Less than a year after his appointment as Chief Executive Officer, Léo Apotheker has been ousted by Hewlett-Packard's Board of Directors.

Taking his place will be former eBay chief and California Gubernatorial candidate Meg Whitman. HP made the announcement amid much speculation. In addition to this move, the Palo Alto, Calif. company said Ray Lane has moved from non-executive chairman to executive chairman of the board of directors. The company will hire a lead independent director as well. The changes are effective immediately.

Over the past year, the company has undergone a significant amount of changes including a shift in direction from consumer products to focusing on enterprise software.

Apotheker, a former CEO of SAP, came on board after HP fired Mark Hurd for inappropriate conduct after the board investigated a claim of sexual harassment. Hurd's dismissal caused a lot of controversy since he was successful and well-liked in the organization. Following his departure, several other HP executives including former Randy Mott, chief information officer and Pete Bocian, executive vice president and chief administrative officer also left.

Apotheker has come under fire for several decisions he made in his brief tenure as chief of HP. The change in emphasis, the decision to spin off the PC division and the announcement of the webOS devices and quick decision to drop them shortly thereafter all baffled investors and caused the stock to tank. It currently sits at $22.80 per share. A year ago, it was at around $40 per share.

HP now looks to Whitman to help lead turnaround the company's bad fortunes. The company has put its future in the hands of the Silicon Valley veteran.

We are at a critical moment and we need renewed leadership to successfully implement our strategy and take advantage of the market opportunities ahead. Meg is a technology visionary with a proven track record of execution, Lane said in a statement.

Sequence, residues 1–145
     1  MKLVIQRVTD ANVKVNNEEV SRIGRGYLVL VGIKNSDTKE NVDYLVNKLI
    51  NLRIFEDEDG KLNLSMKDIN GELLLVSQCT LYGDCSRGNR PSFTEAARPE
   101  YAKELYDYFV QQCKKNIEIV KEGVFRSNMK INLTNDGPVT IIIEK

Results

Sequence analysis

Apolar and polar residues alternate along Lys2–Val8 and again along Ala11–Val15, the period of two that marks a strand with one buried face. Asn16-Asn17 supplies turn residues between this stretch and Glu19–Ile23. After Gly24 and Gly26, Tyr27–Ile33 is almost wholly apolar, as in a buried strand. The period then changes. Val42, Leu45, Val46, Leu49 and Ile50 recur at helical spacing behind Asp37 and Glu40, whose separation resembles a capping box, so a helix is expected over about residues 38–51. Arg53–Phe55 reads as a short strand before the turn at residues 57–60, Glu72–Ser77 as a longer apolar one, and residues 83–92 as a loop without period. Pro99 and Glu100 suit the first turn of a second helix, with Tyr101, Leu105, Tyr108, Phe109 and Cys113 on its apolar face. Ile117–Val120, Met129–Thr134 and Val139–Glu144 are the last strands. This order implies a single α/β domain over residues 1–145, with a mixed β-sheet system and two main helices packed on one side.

Reaction on Wall St. was mixed. While many analysts approved of Apotheker's dismissal, they weren't exactly confident in Whitman's ability to lead HP.

Given the disappointing financial performance over the last few quarters and some questionable decision making including the high purchase price of Autonomy, handling of the spinoff of its PC operation, and abrupt shutdown of its webOS hardware business, we are frankly not surprised that a change is being considered, Shaw Wu, analyst at Sterne Agee said in a note to investors before dropping the hammer on Whitman.

 While we believe she has proven to be a very capable manager helping grow eBay from a start-up into one of the largest internet companies, we think an ideal candidate for HPQ should have extensive experience in the enterprise market. In addition, we believe expertise in supply chain management would be helpful as well.

Toni Sacconaghi of Sanford Bernstein said HP should have done a more thorough search for the new chief.

We would view any decision not to conduct a comprehensive search of internal and external candidates for a permanent CEO role as unsatisfactory and unnecessarily hasty, Toni Sacconaghi, analyst at Sanford Bernstein, said in a note to investors.

Ben Reitzes, analyst at Barclays Capital, said the continued instability at HP could mean good things for its competitors, Dell and Apple. He also saw IBM and Dell taking advantage on the server said and NetApp and EMC benefiting in storage sales.

Follow Gabriel Perna on Twitter at @GabrielSPerna